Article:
Comedy Store Says It Lost $8.5 Million in COVID Funds Because Accountant Missed Deadline

The Comedy Store filed a lawsuit on Tuesday claiming that it lost out on $8.5 million in COVID relief funds because its accountant didn’t know about a government deadline.

The comedy club sued Moss Adams LLP, alleging that the firm failed to warn that the application period for the grants was about to close.

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In late 2020, Congress approved $16 billion in relief funding to theaters and live performance venues that had been forced to close due to the pandemic. In the suit, the Comedy Store says that its business plummeted by nearly 90% in the latter half of 2020.

The iconic club — which helped launch the careers of Richard Pryor, Robin Williams, David Letterman and many others — was not allowed to reopen at full capacity until last fall.

The Small Business Administration began accepting applications for Shuttered Venue Operator Grants on Apr. 8, 2021. The SBA said it would keep accepting applications until the funds were exhausted and initially did not give a firm deadline.

Harold Breslow, a former partner at Moss Adams who was working as the comedy club’s acting controller, reached out to Moss Adams in July 2021 to seek help applying for a grant. According to the suit, Breslow was connected to Aparna Venkateswaran, an accountant at Moss Adams who dealt with the SBA.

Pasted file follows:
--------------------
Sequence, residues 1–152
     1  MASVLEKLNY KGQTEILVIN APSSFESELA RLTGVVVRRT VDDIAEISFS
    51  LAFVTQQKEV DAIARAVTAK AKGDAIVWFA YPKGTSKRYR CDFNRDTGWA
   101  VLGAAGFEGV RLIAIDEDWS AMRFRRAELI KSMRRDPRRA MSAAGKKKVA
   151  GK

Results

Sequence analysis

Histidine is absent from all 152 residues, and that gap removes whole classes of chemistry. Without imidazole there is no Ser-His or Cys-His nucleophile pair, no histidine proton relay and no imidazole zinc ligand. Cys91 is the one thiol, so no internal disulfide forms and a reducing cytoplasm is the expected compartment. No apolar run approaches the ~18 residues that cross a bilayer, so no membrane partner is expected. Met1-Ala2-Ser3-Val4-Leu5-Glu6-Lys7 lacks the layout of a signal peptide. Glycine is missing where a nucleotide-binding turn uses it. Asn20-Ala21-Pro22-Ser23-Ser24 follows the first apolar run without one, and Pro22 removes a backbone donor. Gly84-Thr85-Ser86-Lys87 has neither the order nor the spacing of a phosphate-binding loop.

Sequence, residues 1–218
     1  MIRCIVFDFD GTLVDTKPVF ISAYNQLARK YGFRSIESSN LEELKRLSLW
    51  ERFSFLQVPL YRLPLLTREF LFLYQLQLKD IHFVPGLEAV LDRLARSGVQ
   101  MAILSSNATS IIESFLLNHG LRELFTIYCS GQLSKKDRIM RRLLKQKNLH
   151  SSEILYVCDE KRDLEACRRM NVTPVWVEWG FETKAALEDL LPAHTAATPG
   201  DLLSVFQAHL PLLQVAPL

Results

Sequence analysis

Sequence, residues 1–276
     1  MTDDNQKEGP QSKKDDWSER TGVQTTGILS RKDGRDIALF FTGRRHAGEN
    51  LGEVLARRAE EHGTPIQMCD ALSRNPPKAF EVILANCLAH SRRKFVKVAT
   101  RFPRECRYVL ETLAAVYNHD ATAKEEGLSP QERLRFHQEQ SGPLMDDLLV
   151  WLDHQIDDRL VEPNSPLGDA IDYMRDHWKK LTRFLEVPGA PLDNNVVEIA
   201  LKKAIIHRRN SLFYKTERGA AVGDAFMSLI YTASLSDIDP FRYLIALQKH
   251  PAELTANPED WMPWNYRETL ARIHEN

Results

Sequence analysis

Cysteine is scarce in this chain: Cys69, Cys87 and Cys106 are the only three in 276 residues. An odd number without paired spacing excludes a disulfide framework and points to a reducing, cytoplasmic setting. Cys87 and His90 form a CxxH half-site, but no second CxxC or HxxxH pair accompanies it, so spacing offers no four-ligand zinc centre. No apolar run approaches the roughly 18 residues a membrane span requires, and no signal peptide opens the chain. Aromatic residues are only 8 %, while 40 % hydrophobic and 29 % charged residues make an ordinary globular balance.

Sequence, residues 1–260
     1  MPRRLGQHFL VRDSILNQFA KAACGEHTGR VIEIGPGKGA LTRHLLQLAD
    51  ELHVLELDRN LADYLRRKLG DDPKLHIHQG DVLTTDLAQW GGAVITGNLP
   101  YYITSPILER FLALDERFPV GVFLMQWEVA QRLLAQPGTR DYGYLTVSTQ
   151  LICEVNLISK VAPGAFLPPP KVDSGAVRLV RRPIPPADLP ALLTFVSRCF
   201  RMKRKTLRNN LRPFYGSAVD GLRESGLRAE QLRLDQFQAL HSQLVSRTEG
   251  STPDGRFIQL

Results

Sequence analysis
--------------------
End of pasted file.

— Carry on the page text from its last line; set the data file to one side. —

They had a phone conversation on July 22 about applying for the grant, while Breslow advised that he was about to go on a two-week vacation. Breslow returned to the office on Aug. 16 and continued to work on the application. At no point, according to the suit, did Venkateswaran warn him that the deadline to submit the application was approaching.

On Aug. 11, the SBA announced that the application period would close at 11:59 p.m. on Aug. 20. Breslow and Venkateswaran talked about the application on the phone on Aug. 25. When Breslow logged into the SBA portal to work on the application on Aug. 26, he discovered that the site was no longer accessible. According to the suit, Venkateswaran told him she was “surprised” she had not heard anything about the deadline from the SBA.

“The Store engaged Moss Adams and Moss Adams induced the Store to engage it, to avoid exactly what happened,” the suit states. “And Moss Adams’ response was a metaphorical shrug of the shoulders.”

The terms of the Comedy Store’s agreement with Moss Adams limits the CPA firm’s liability to the total cost of its services — in this case, $275. The lawsuit claims that limit should not apply because the firm’s conduct was grossly negligent, fraudulent and willful. The club is seeking to recoup the full $8.5 million from the accounting firm.

The suit also states that Moss Adams later informed the Comedy Store that it had lost the club’s client file.

Moss Adams did not immediately respond to a request for comment.

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